[Column] Babies

The prediction of a corona baby boom makes Monique van der Veen wonder how TU Delft handles the regulations for pregnant students who face study delay.

Monique van der Veen: “Als je je zorgen maakt over polarisatie, dan is uitgaan van ‘Ik ben het probleem’ een goede optie.” (Foto Sam Rentmeester)

While many parts of our lives have changed during the Covid-19 crisis, some things have remained the same. The prediction of a baby boom in nine months time of so-called ‘Corona babies’ makes for fertile ground for internet memes. And while we cannot visit animal zoos for the time being, baby animals are still being born there. You can try to spot the three newborn Rüppell’s vulture’s chicks in Blijdorp Zoo on their life webcam on vulture rock. And this video of the baby elephant born in Prague Zoo on 27 March is particularly soothing.

TU Delft students are also having babies. Pre-Covid-19, some of them took a weekly mummy or daddy day and/or frequented their faculty’s lactation room, while others tried to power through at an accelerated pace to obtain their degree before the baby was born. Now they may be juggling studying at home with full-time baby care. My interest was triggered by an article in Delta from last February about a student at The Hague University of Applied Sciences who was not permitted an extra resit when her resit was planned the day after her due date. This prompted the Netherlands Institute for Human Rights to advise educational institutes to put the facilities that pregnant students have a right to in writing.

Pregnant students have no right to facilities to avoid or limit study delay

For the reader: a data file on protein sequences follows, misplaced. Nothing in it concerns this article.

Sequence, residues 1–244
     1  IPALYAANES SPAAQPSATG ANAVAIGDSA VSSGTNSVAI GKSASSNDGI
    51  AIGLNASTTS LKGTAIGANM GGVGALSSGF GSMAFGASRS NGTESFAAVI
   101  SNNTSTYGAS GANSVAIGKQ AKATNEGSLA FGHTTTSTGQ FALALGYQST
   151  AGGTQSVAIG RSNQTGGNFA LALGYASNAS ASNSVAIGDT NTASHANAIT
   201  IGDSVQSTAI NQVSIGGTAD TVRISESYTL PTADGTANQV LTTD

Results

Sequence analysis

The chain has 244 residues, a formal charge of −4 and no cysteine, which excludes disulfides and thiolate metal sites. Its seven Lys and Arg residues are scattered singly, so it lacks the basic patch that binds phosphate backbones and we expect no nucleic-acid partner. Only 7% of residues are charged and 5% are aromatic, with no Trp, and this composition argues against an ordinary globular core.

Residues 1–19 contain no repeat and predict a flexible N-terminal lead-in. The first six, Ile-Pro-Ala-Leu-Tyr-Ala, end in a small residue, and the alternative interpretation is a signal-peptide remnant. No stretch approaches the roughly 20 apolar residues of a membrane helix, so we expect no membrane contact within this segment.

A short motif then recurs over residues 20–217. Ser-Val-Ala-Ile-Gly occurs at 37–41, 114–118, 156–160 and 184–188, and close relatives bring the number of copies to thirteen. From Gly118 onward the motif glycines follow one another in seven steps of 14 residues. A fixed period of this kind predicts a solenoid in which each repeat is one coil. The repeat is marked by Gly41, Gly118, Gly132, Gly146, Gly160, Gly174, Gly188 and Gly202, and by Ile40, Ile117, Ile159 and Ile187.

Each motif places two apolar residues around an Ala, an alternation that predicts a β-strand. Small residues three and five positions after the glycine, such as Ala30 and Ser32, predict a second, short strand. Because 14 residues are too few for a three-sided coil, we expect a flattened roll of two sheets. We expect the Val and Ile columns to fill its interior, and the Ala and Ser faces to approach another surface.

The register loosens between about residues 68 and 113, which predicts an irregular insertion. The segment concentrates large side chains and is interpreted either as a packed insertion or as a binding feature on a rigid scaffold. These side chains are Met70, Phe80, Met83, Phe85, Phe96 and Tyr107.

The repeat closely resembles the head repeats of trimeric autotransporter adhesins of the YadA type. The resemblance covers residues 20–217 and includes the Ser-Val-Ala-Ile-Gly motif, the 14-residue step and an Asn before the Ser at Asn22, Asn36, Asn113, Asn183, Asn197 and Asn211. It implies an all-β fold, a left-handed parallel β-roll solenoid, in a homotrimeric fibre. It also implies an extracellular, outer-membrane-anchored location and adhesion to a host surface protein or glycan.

To evaluate the situation at TU Delft, you need to look at the Student Charter which contains all the collective TU Delft student regulations. It has specific articles detailing the facilities for adapting education and examinations within reason in case of disabilities (article 4.11) and for elite athletes (article 5.5) to avoid or limit study delay. Disability, top sport and pregnancy are mentioned as reasons for financial compensation in case of study delay. But as it stands, pregnant students have no right to facilities to avoid or limit study delay.

Considerate study advisors and teachers often arrange reasonable educational and examination adaptations. Yet, it’s not guaranteed. In the context of arguing for a parenting friendly tenure track policy, several colleagues and I collected stories of badly handled pregnancy and parenting related situations. What stood out was how many stories came from the same departments or faculties across the Netherlands. Stories that I could not imagine happening in my own professional environment, but which happened nonetheless, even at TU Delft. Enshrining the aforementioned rights in the student charter hence does not seem an unnecessary luxury. And while we are at it, let’s directly include the conditions that are the logical consequence of pregnancy: child care, potentially including breastfeeding.

Regarding the aforementioned financial compensation for study delays from the TU Delft profiling scheme, women generally receive four months compensation for pregnancy. Yet here too, study advisors told me that they expect the Fund would be inflexible in cases of delay due to breastfeeding and parenting. It would be great if clear guidelines could be set for these conditions as well. Overall, the advice I can give parents and expecting parents studying at TU Delft: contact your study advisor as soon as possible. In the unfortunate event that they or the programme organisers are unresponsive to the situation, contact the central Student Counsellors.

Monique van der Veen is Associate Professor at the Faculty of Applied Sciences, department of Chemical Engineering. You can read about the work of her research team at www.tudelft.nl/cheme/vanderveengroup and follow her on Twitter at @MAvanderVeen.

Monique van der Veen / Columnist

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